Episode 298

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I’m here with a guest this week! I love having a guest, because they provide inspiration and help me to think about new things in different ways. While interior design seems like it’s just one topic, there are many facets to any industry – and interior design is no different. Justin Breen and I met through our business group. We were put into a breakout session on Zoom and we connected right away. He has some great things to share with you guys about the importance of knowing yourself as a designer and as a business owner.

This episode, we discuss…

[2:25] Interior designing your mindset

While we usually talk about interior design within a building, Justin is a master of interior design within your brand.  “I interior design my mind,” he says.  This has led Justin to design a network of the highest performing entrepreneurs on the planet, and he has created two global companies with zero formal business background.

Justin describes himself as an entrepreneur who happens to be a journalist.  Four yeas ago he was working full time as a journalist, and his salary was cut in half.  He couldn’t find a job, so over the course of six weeks he reached out to 5,000 people while working full time in order to get his first five clients – yes, one out of a thousand people said yes.

I met Justin over Zoom, and he met his business partner via Zoom as well.  A lot of people would be really afraid to make such a jump.   Justin, however, refers to himself as a “simplifier”.  He takes in complexity and simplifies it into patterns immediately – that’s just how his brain works.

[5:30] What entrepreneurs have to overcome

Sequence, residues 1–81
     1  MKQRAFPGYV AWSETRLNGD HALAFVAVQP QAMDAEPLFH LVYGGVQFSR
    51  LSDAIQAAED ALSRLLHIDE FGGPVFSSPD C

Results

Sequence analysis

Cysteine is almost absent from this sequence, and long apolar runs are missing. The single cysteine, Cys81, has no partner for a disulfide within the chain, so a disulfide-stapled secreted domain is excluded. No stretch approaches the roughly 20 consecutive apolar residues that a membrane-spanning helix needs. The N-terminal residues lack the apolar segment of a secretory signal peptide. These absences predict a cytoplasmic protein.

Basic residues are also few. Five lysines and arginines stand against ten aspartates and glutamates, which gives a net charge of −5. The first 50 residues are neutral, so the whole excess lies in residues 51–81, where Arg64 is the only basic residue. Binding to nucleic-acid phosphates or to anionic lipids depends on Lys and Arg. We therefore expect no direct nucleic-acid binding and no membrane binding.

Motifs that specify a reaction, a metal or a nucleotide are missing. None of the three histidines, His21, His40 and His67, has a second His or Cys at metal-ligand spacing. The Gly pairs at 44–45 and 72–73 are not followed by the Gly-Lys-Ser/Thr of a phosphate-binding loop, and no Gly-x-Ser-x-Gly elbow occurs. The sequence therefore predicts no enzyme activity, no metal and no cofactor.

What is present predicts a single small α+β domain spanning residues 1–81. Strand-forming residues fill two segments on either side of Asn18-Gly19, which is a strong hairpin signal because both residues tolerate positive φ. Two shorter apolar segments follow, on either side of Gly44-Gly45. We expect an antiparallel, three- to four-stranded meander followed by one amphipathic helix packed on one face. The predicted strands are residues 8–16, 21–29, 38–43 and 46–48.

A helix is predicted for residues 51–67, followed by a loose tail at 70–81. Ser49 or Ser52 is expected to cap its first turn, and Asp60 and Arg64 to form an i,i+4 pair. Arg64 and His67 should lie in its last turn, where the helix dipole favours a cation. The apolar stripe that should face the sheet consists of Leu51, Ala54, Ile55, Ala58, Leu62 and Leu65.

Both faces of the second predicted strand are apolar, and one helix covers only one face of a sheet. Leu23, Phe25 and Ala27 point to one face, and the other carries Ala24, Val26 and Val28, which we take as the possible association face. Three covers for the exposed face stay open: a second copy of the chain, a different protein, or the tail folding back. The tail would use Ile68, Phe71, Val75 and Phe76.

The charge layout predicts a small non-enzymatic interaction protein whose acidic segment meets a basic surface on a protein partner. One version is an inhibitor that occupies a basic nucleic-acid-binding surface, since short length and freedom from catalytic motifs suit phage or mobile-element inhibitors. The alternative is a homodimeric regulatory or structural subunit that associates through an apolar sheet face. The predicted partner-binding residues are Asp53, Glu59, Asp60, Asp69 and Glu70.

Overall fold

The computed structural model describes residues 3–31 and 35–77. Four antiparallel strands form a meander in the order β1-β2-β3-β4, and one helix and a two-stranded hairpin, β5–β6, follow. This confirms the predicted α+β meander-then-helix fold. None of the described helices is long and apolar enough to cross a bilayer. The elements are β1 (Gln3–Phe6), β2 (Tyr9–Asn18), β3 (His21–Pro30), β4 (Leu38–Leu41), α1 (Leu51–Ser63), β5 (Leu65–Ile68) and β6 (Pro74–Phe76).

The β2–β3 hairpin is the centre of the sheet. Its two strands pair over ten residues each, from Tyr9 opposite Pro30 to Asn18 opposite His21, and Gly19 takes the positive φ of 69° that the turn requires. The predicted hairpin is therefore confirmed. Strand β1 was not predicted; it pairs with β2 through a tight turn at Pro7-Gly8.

Justin says that he hasn’t met one entrepreneur at the highest level that hasn’t overcome at least one of the following four things: Bankruptcy or potential bankruptcy, depression, anxiety, or traumatic experiences as a child or young adult.  Most people use those as excuses for their whole lives.  High-level entrepreneurs figure it out.

As someone who has overcome three of the four, Justin understands what is at stake.  He was rejected 4,995 times, after all, to get 5 new clients when he was starting out.  He started a global company with someone he had never met in person until their big launch party.  They met on Zoom, and realized they had the same mindset and they wanted to be heroes to the same people: the highest performing entrepreneurs on the planet.  So they created a company to do that.

[7:07] Staying in your zone of genius

Justin makes this all sound so easy, right?  For him, he claims, it really is easy.  He informs me that I’m a three implementer, as I like to be more hands-on and build things.  For Justin, on the other hand, if his sons ask him to tie their shoes, put on their bike helmets, or change a light bulb, it drains his energy immediately.  When it comes to building businesses and simplifying the complexity, Justin is in his zone of genius.  That is the whole point about interior design, whether it’s in a room or in your head.

[8:25] Making a leap when it seems complex

For someone who isn’t the same Kolbe score as Justin, making these big leaps during this time where there really isn’t a safety net, can be really daunting.  Most people, Justin points out, aren’t meant to be entrepreneurs.  And that’s great, because the world needs more integrators to follow through for the visionaries to get stuff done.  That said, Justin encourages everyone to think about what they’re good at and what they like to do.